string sql = "insert into [dbo]." + tableName + "({0}) values ({1})";
    StringBuilder fieldBuilder = new StringBuilder();
    StringBuilder valueBuilder = new StringBuilder();
    string seprator = string.Empty;
    foreach (FiledAndValueHolder filedAndValue in filedAndValues)
    {
        fieldBuilder.Append(seprator);
        fieldBuilder.Append(filedAndValue.FiledName);

        valueBuilder.Append(seprator);
        if (filedAndValue.FieldType == "String")
        {
            valueBuilder.Append(string.Format("'{0}'", filedAndValue.FieldValue as string));
        }
        else
        {
            valueBuilder.Append(filedAndValue.FieldValue);
        }

        if (string.IsNullOrEmpty(seprator))
            seprator = ",";
    }

    string sqlStatement = string.Format(sql, fieldBuilder.ToString(), valueBuilder.ToString());
    return sqlStatement;
}
public static string CreateSelectStatement<TEntity>(TEntity entity, string tableName, string selectCondition) where TEntity : class
{
    List<FiledAndValueHolder> filedAndValues = CreateFieldValueMapper<TEntity>(entity);
    string sql = "select {0} from dbo.{1} where ({2})";
    StringBuilder fieldBuilder = new StringBuilder();
    string seprator = string.Empty;
    foreach (FiledAndValueHolder filedAndValue in filedAndValues)
    {
        fieldBuilder.Append(seprator);
        fieldBuilder.Append(filedAndValue.FiledName);
        if (string.IsNullOrEmpty(seprator))
            seprator = ",";
    }

    return string.Format(sql, fieldBuilder.ToString(), tableName, selectCondition);
}

 

Let’s see how we can use it.

insertItemMaster = SQLHelper.CreateInsertStatement<ItemMaster>(itemMaster, "ItemMaster");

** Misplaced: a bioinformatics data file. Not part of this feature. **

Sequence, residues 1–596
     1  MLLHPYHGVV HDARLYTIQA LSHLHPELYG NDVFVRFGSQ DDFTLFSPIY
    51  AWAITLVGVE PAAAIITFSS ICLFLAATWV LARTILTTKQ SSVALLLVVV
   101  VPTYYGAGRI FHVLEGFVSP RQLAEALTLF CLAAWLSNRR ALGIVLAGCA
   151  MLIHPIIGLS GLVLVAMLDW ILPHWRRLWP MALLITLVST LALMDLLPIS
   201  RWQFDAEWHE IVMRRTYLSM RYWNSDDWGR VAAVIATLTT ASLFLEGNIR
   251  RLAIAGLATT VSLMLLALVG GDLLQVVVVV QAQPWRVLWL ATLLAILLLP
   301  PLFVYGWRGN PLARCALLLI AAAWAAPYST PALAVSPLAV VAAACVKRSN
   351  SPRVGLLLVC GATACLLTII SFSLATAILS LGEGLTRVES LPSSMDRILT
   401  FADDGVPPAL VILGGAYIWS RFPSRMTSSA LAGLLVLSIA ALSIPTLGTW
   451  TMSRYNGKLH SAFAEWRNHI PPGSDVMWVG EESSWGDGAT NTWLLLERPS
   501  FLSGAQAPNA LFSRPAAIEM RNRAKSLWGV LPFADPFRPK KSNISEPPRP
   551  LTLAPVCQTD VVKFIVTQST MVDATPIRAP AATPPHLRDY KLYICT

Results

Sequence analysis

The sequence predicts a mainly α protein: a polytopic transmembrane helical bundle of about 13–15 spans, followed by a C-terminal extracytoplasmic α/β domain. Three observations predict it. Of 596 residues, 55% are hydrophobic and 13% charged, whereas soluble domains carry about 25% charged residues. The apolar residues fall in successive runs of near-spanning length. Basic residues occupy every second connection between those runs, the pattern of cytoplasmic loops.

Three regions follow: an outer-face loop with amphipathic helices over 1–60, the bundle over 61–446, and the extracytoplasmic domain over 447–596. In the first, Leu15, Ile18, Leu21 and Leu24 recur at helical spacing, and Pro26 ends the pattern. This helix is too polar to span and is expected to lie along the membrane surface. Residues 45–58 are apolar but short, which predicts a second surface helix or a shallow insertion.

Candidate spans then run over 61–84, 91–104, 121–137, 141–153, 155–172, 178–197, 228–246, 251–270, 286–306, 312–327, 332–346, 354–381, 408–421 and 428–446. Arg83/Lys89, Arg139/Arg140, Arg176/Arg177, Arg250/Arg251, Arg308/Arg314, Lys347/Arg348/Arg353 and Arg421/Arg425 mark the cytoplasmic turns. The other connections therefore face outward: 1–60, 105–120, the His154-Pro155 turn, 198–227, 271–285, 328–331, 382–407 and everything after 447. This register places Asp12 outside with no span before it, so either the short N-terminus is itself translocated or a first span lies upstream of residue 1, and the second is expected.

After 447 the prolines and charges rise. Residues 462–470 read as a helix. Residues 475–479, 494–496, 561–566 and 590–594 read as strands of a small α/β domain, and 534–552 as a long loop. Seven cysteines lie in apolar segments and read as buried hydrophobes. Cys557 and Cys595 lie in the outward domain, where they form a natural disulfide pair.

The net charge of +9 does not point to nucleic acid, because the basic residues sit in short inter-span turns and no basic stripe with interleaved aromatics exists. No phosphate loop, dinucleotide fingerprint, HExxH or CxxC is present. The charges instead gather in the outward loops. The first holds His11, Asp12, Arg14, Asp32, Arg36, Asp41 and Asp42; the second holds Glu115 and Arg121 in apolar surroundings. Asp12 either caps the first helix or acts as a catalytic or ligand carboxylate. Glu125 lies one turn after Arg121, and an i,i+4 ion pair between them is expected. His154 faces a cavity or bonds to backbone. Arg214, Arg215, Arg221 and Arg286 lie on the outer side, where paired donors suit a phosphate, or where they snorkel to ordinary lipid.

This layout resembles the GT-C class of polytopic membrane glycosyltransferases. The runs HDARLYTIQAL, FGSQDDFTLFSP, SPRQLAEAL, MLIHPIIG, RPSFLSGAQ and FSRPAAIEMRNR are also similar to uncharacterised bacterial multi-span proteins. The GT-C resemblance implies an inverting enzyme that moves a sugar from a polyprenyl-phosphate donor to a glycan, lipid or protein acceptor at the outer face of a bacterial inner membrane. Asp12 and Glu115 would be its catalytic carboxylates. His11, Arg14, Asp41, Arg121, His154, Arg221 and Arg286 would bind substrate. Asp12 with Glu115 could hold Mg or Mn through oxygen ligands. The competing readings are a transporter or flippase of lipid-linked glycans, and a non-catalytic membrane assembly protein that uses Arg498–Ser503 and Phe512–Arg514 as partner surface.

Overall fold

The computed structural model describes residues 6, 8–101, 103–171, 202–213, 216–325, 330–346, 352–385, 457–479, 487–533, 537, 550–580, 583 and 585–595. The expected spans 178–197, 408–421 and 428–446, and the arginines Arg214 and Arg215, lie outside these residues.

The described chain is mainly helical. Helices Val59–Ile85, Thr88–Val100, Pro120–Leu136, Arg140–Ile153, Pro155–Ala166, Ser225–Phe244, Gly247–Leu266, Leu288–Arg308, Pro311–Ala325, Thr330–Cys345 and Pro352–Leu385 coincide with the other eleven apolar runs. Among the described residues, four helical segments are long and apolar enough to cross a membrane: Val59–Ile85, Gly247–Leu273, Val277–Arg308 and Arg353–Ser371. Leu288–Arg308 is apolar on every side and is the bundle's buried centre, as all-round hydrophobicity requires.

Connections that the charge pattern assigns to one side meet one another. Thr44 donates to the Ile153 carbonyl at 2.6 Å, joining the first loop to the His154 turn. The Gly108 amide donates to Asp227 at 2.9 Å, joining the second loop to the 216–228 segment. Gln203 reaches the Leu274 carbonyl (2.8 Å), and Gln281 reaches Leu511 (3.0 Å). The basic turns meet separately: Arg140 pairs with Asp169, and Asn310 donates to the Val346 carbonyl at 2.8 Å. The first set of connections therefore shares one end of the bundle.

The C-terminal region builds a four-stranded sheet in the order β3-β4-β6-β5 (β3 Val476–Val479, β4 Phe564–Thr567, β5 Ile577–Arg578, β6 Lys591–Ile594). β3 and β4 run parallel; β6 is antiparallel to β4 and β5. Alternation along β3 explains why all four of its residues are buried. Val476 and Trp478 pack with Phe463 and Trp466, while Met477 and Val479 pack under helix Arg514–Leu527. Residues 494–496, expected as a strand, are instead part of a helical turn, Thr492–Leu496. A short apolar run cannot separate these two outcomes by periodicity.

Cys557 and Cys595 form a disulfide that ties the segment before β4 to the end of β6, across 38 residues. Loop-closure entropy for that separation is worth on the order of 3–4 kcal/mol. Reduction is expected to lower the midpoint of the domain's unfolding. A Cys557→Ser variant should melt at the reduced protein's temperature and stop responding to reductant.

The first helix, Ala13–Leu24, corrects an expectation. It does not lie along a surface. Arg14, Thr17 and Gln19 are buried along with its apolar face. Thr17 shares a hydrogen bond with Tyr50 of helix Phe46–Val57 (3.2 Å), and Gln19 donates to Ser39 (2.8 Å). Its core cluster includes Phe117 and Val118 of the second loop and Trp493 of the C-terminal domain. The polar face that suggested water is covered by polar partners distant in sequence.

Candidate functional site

Most of the functions I explained above doesn’t required much explanations. If any one need any more details then leme know.

Written by Sony Arouje

January 22, 2011 at 1:31 pm

db4o A light weight Object Oriented Database

with 8 comments

Now a days I am spending my free time in rewriting one of my freeware for Flickr users called iTraveller. One of the design goals was the application should be scalable. My major concern was, I cannot freeze my db design before my first release because I am planning to have multiple version with added functionalities, so the db structure may change in the future. If I use conventional db’s then I have to write functionality to add or remove columns. iTraveller is not very data centric application, so managing db change scripts and writing a functionality to apply these changes when user upgrade to new version will be a big pain for me.

First I thought of using MongoDB, because I used Mongo db in a Silverlight application. But then finally dropped that idea. I want some thing more lighter than Mongo and NoSql sort of database. I evaluated several db’s but nothing suites what I am looking for. Finally my search ends at db4o. The usage of db4o is very straight forward and very easy to learn, db4o installer comes with a very good documentation to start off with the development.

db4o is a light weight Object Oriented database. Using db4o I can persist my entities very easily without any configuration. I can add or remove new properties to my entities without affecting the existing persisted entities.

I created a generic repository sort of class around db4o, the same way I did one for Entity Framework. This generic repository reduced lot of my work and act as the entry point to persist my entities to db4o data file. Below is the Generic repository I created for db4o.

using Db4objects.Db4o;